Hearing loss can be either gradual or sudden.
Sudden hearing loss can happen in one or both ears. People will get it from a loud bang while watching fireworks, or it could be viral – something a little more serious. For these, we’ll usually send you to an ear, nose, and throat doctor or have you go back to your doctor to make a referral to check out what’s going on in your auditory system and brain.
Gradual hearing loss is a little bit more common. We get people who might think their hearing loss is sudden, but it’s been gradual – only they’ve never had a previous hearing test to measure it against. Some people have a hearing loss that starts very early in life and others find it starts much later in life.
How Common Is Hearing Loss?
About 25% of people between the ages of 65 to 74 have a disabling hearing loss and 50% of people over 75, making it very common for the older generations.
Everyone is different when it comes to assessing the type and level of hearing loss. Your hearing generally starts out normal during a hearing test, and then as the frequencies get higher, it starts showing how much hearing loss is in one or both ears.
What Are The Different Types Of Hearing Loss?
A hearing loss can be described in levels: mild, moderate, moderately severe, severe, or profound. Hearing loss is also described in types – the main three being:
Conductive hearing loss is when sound waves are obstructed from reaching the inner ear, causing you to hear sounds that are muffled or unclear. Sometimes we find that the hearing loss is because there’s a blockage in your ear canal, such as earwax. At other times, there is an issue with the eardrum.
Sensorineural hearing loss occurs when the bones or nerves behind your eardrum — in the middle or inner ear — are damaged or degenerating.
Mixed hearing loss is when you have both conductive and sensorineural hearing loss.
What Are The Initial Signs Of Hearing Loss?
The first signs of a hearing loss are little things such as asking people to repeat themselves, turning the volume up on the TV, radio, or playing your music louder than normal, and withdrawal.
People withdraw first because they can tell people are getting frustrated by repeating themselves two or three times.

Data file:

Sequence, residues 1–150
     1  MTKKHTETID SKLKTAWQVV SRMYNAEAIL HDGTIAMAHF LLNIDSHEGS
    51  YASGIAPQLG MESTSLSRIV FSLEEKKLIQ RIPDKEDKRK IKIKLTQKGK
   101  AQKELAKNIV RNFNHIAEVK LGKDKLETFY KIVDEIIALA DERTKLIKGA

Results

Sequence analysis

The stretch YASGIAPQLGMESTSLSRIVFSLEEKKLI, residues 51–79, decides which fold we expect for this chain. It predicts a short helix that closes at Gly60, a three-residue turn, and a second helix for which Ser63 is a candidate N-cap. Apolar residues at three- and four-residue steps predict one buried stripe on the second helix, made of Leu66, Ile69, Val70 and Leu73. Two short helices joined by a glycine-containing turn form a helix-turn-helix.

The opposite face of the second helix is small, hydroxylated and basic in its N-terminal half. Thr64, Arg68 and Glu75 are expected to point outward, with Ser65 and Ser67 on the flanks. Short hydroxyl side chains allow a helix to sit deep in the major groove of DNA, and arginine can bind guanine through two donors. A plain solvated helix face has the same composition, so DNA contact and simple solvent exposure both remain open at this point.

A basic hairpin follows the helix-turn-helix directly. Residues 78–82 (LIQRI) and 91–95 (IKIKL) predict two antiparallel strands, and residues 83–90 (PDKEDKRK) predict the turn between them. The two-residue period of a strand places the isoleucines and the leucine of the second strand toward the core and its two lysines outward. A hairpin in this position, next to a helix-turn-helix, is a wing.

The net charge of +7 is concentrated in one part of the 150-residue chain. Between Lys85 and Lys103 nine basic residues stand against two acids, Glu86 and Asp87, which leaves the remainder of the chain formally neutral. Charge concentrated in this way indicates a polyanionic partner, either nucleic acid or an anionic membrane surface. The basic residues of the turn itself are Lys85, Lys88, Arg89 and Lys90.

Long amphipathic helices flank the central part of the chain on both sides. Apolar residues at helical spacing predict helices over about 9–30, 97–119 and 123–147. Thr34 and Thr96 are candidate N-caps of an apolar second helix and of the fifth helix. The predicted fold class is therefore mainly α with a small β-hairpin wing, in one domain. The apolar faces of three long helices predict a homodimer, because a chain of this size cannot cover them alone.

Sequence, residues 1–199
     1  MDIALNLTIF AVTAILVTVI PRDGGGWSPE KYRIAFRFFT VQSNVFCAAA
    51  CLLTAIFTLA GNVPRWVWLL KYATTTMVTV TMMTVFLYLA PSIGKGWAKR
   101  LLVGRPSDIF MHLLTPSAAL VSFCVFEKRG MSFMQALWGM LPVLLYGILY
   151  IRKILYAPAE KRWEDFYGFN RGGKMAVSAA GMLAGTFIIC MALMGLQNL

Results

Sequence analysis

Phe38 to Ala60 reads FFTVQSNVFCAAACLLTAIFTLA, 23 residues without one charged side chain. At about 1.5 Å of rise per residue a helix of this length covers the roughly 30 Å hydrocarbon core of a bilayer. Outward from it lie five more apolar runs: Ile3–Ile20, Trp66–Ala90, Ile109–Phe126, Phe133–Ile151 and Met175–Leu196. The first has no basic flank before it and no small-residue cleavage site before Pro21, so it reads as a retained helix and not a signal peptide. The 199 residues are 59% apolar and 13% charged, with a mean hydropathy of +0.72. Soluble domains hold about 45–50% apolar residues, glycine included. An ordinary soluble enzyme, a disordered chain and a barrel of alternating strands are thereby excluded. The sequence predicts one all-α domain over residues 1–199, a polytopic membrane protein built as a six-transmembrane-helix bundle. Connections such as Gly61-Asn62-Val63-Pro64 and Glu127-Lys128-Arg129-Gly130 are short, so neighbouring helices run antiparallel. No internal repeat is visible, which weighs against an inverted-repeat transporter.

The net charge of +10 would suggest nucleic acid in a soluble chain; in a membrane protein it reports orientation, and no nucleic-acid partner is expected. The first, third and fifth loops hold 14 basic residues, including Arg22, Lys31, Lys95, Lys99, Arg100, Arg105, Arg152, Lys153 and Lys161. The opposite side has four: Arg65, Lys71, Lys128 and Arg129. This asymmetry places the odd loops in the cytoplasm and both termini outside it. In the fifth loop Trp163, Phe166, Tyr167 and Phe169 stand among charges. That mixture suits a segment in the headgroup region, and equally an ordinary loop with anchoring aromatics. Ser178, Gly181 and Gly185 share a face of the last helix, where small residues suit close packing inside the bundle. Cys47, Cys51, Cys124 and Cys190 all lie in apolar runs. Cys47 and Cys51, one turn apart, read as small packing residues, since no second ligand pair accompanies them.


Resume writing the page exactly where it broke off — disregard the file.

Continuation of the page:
They will just stop asking questions and back off, sit off in a corner, and not talk because they can’t really hear anybody. They are frustrated and they don’t want to frustrate anyone else.
If you see any of these three major things in a loved one, it’s time to make that call.
Are There Any Sensations Associated With Hearing Loss?
There’s usually no physical feeling associated with a hearing loss, although sometimes a sudden hearing loss will be accompanied by pain. If you’re experiencing pain or anything else unusual or uncomfortable, that’s probably an indicator of something a little bit more serious.
You should definitely come in for a look, and then we can refer back to the doctor with a copy of the hearing test. In Ontario, the doctor has to refer you to an ear, nose, and throat doctor. You can’t just call in yourself.
But if you’re in significant pain, go to your emergency room. Don’t wait on it.
As for general hearing loss, there’s not really any pain. Sometimes you will hear ringing and think it’s tinnitus, but it’s not actually tinnitus. It’s a sign of hearing loss that you should have checked.
What Causes Hearing Loss?
The common causes of a hearing loss are aging, noise exposure, and high volume settings on tech devices.
- Aging is the primary reason for a hearing loss.
- Noise exposure is a big one, especially for younger people. A big cause of this is making the volume too loud on noise-cancelling headphones, earbuds, or headphones.
Some new smartphones will actually give you alerts if the volume is too loud, but most young people turn those alerts off, like my own children.
Is Hearing Loss Hereditary?
Hearing loss is not always hereditary, but it can be. It’s not predetermined. Just because your parents both had it doesn’t mean you’re necessarily going to have it, but there’s a chance.
Can Hearing Loss Affect People At Any Age?
Yes, hearing loss affects people at any age. We see local people of all ages with a hearing loss, from children up to seniors. Obviously, it’s more prevalent in seniors, but we’ve been seeing younger people over the last few years because of poor headphone and earbud use. It’s starting the process a lot earlier than it used to.
Do You Suspect A Loved One Has A Hearing Loss?
Do things like making sure you’re facing them when you talk to them. Try not to get frustrated when they ask you to repeat what you’ve said. Have patience and work with them.
Book at the location nearest you in Kitchener, Guelph, Simcoe, or Waterloo. And come with them for the hearing assessment, both for moral support and so you can give us an accurate picture of how the hearing loss is affecting everyone.
We’re here to help maximize hearing health and great communication, and the sooner a hearing loss is diagnosed and treated, the happier everyone becomes.